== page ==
However, dogs that inherited primary glaucoma will most likely not have primary glaucoma in its other eye. Nevertheless, living with one eye blind leaves a dog or even a cat partially handicapped.
On the other hand, secondary glaucoma is preventable.
Trim their Nails:
Long nails can poke your pet’s eye when they scratch their face. Make sure to take your pet to the groomer or you can just trim it yourself. For dogs, just make sure you take them out regularly for walks, walking on pavement (cool pavement of course) can cause the nails to wear down to a point that they won’t pose danger to your pets.
Create a Safe Space:
There’s nothing better than creating a safe environment for your pets. Clean your backyard or your pet’s play area and remove sharp objects that might cause eye injury. Also, make sure to clean the area to ensure that your pet will not catch anything that might give it an infection later on.
Keep them Healthy:
A healthy pet has higher chances of brushing off infection and diseases than a frail and an unhealthy one.
Visit the Vet Regularly:
Take regular trips to the vet. Your veterinarian will help you identify and treat infections as well as secondary glaucoma early on.
Signs and Symptoms of Glaucoma in Dogs
Your pet can’t tell you it’s suffering from glaucoma; they don’t show they’re hurting like how humans do. Glaucoma symptoms are often subtle and are hard to notice.
One thing you should take note of is that glaucoma, both primary and secondary, gives both cats and dogs a great deal of pain.
Dogs will often press their heads against a wall or rub their eyes in your legs and even on furniture.
Pay attention to your pets when you see them do this.
Symptoms on cats are even harder to spot. Only the most observant of cat owners will notice pets squint or develop clouds that tend to grow progressively over time.
Overall, dogs and cats suffering from pain will find daily activities a little less interesting. You’ll notice subtle changes in the amount of food they eat and the amount of activities they do in a day.
Dog Glaucoma Natural Home Remedies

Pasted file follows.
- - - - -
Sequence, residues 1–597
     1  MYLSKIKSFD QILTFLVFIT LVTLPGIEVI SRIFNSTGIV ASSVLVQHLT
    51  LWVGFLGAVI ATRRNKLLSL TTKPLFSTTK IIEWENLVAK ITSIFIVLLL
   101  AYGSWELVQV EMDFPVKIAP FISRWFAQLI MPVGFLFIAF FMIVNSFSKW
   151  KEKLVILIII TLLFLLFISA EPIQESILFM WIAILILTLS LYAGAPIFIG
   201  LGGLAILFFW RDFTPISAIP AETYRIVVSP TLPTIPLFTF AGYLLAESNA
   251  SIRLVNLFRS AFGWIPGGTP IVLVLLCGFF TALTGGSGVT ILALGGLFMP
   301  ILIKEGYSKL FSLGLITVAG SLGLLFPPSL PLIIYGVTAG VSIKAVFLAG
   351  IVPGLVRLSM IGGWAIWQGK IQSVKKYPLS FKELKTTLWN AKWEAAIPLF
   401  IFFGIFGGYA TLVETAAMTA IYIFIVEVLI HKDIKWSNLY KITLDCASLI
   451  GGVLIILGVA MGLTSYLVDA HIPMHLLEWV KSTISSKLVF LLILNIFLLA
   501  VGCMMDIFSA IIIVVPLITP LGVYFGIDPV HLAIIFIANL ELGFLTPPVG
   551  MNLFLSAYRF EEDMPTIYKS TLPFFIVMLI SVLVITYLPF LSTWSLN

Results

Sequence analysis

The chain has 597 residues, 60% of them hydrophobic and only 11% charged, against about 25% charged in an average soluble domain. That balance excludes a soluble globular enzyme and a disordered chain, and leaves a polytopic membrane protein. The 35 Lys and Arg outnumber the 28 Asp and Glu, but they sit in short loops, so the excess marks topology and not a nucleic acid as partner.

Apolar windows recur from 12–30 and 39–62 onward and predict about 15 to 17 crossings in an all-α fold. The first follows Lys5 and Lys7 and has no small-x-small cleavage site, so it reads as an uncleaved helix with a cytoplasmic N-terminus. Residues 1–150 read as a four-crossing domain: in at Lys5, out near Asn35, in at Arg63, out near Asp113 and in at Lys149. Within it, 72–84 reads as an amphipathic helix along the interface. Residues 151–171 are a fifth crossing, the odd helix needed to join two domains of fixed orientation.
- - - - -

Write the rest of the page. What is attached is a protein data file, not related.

Unfortunately, there aren’t many home remedies that will help you manage and let alone treat glaucoma. However, there are some herbs that can help you reduce the pressure in your pet’s eyes which will reduce pain and discomfort.
Here are a few.
Though it’s not common to find Ginko in many households, you can use this herb to help alleviate the pain your pet is experiencing because of glaucoma. Ginko is a great for blood circulation and can be used together with the herb Bilberry.
Bilberry is a natural agent that reduces pressure in the inner eye. It is also rich in vitamins and minerals that help keep the eyes healthy.
CBD is an active ingredient found in hemp and is good in eliminating inflammations. CBD oils not only reduce inflammation allowing the aqueous humor to normally drain but it also helps calm cats and dogs and help them manage pain from glaucoma.
How much CBD should I give my dogs with glaucoma?
Different companies use different dosages of CBD. Make sure to check with the manufacturer with how potent the CBD oil is.
For managing pain and inflammation, the basic rule is to administer a minimum of 1 and a maximum of 5 mg of CBD for every 10 pounds of your pet’s body weight. Depending on the severity of the glaucoma, you can use a lower dosage of 1 mg of CBD. For medium dosage 3 mg of CBD is normally the level you’d want to go for and for pets suffering extreme pain, 5 mg of CBD is recommended.
CBD is safe for pets as long as it contains very minimum amounts of THC.